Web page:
Carlsbad also has its own personality. We live only a few miles from this North San Diego County town. In fact, when we moved back to Southern California from Arizona, we wanted to live in Carlsbad. What we discovered was that Carlsbad zip codes carried an outrageous premium. (“Sorry, dude, you crossed the street. Price went up 50k.”) Yes, the Carlsbad dream cratered, but we landed not that far away.

I can see why those zip codes carry such a high price tag. There’s something special about Carlsbad. Maybe it’s the attitude. Maybe it’s just the near-perfect climate. For whatever reason, a ton of people visit this funky little town each year. The cool thing is all those visitors get to be pretend-locals for a week before they have to go home.

One of the unique things about Carlsbad Village is that there are no chain stores. Yes, there’s a Starbucks. And a few fast-food places. But actual shops? No way. Instead, the streets are lined with boutiques and galleries you won’t find anywhere else. In fact, there are even a couple of private investigators with offices on the outskirts that little geographic gem.

Among Carlsbad’s many attractions is the sea wall. It’s a hugely popular walk along the ocean with two options. If you’re the kind who likes to get close to the water (like me!) it’s a bit of a steep descent down to sea level. But, once you’re down there, a paved walkway meanders along the shore for about 3/4 of a mile (one way). For those who are more inclined to enjoy an overlook without the climb, there’s a sidewalk along Carlsbad Boulevard. Either walk offers spectacular views of the ocean, a chance to watch the surfers bob out in the ocean, and that wonderful sea breeze.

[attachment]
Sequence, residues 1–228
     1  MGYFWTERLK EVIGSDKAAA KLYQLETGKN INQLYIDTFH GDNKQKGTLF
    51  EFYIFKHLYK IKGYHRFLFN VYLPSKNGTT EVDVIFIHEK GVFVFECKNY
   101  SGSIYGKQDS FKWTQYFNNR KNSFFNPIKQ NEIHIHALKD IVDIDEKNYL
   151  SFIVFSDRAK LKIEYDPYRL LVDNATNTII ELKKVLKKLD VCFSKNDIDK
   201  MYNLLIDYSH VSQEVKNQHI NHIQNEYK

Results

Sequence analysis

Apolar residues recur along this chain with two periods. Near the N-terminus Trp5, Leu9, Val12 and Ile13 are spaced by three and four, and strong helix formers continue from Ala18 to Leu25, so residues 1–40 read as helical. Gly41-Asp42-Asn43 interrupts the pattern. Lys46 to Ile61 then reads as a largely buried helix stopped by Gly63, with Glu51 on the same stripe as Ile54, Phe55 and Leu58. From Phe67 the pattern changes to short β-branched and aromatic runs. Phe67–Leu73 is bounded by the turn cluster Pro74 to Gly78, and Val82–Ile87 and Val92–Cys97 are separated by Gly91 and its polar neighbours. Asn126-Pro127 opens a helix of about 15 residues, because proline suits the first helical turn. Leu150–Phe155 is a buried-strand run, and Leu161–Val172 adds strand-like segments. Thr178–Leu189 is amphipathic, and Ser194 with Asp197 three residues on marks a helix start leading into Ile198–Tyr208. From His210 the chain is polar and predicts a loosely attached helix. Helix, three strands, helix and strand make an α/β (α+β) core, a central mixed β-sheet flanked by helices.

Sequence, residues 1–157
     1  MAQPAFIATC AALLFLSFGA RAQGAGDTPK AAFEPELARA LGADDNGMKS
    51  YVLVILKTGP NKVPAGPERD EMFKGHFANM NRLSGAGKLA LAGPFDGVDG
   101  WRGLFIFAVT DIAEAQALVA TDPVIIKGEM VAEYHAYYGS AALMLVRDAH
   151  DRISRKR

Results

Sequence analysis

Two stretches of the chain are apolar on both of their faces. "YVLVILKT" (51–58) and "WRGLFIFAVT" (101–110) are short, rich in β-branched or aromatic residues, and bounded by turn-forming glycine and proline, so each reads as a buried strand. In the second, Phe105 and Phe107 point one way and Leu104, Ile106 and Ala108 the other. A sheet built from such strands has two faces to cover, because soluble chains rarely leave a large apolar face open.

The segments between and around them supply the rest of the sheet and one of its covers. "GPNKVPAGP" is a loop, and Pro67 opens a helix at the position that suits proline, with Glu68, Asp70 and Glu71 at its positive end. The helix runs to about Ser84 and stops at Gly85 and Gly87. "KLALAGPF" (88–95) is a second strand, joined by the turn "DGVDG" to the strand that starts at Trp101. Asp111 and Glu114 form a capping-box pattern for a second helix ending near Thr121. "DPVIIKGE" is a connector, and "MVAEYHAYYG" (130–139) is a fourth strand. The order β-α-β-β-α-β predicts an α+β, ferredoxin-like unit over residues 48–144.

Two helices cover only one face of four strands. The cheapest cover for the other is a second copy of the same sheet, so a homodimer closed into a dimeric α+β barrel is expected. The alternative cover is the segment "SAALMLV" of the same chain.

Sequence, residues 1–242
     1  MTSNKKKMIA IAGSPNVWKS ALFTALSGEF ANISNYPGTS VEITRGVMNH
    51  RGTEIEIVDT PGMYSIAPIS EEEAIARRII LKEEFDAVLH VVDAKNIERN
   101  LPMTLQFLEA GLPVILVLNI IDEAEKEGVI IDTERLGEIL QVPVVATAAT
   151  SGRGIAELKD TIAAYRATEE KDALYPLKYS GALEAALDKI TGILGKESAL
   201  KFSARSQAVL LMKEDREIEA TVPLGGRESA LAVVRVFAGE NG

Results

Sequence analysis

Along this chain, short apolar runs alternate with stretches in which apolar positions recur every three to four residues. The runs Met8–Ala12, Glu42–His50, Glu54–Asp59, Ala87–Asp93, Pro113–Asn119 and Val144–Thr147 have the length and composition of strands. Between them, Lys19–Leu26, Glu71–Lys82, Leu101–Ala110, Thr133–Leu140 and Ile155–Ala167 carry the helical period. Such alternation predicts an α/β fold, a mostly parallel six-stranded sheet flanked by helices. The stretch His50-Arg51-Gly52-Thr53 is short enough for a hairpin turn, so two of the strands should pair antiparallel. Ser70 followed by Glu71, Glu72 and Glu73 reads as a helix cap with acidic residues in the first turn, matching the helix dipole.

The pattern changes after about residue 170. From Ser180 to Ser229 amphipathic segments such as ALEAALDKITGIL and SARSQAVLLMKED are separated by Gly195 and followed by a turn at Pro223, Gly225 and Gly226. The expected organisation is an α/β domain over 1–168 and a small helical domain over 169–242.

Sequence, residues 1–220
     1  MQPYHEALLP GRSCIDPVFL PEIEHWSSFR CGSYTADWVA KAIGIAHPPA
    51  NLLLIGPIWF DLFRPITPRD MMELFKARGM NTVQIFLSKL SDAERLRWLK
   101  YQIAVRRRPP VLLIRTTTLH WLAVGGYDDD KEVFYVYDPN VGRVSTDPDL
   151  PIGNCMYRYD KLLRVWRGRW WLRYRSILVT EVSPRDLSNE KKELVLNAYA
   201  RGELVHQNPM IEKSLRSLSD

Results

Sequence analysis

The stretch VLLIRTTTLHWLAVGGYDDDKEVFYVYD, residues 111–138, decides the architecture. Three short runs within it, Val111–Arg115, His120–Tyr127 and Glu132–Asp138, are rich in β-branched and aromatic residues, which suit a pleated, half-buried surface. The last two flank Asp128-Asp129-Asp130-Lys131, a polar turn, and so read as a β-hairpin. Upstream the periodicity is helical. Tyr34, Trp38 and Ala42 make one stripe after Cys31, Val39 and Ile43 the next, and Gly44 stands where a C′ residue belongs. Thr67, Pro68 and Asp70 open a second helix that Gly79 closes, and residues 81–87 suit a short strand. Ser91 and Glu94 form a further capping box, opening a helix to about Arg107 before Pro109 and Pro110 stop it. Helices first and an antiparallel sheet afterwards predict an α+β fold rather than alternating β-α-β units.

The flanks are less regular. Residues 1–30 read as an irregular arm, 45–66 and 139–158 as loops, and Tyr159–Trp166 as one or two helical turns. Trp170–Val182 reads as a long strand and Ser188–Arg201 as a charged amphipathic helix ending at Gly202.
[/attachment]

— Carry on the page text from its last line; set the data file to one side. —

Carlsbad felt like the ideal location to situate my new Beachtown Detective Agency series. Located in the midst of a huge metropolitan area, it still feels unique and small. It’s one of those places that makes you want to stay and wander.

Of course, there are plenty of those kinds of places, and I’d love to hear about some of your favorites. Leave a comment to let me know!

HANK: I realized when I was checking this for typos, that instead of Marblehead, I had typed Marplehead. TOTALLY different place!
How about you, Reds and readers. Do you have a favorite beach town? Or one you’d love to visit? (I just read a scathing article about Positano, did you see that?)

Terry Ambrose
has written fifteen published mysteries. His series include the McKenna Trouble in Paradise Mysteries, the Seaside Cove Bed & Breakfast Mysteries, the License to Lie thriller series, and the Beachtown Detective Agency mysteries.

The Amorous Assailant has frustrated police for months. His MO is
always the same. He binds his victims with red silk, kisses them, and leaves them with a red rose. Women throughout the city are worried they’ll be his next victim.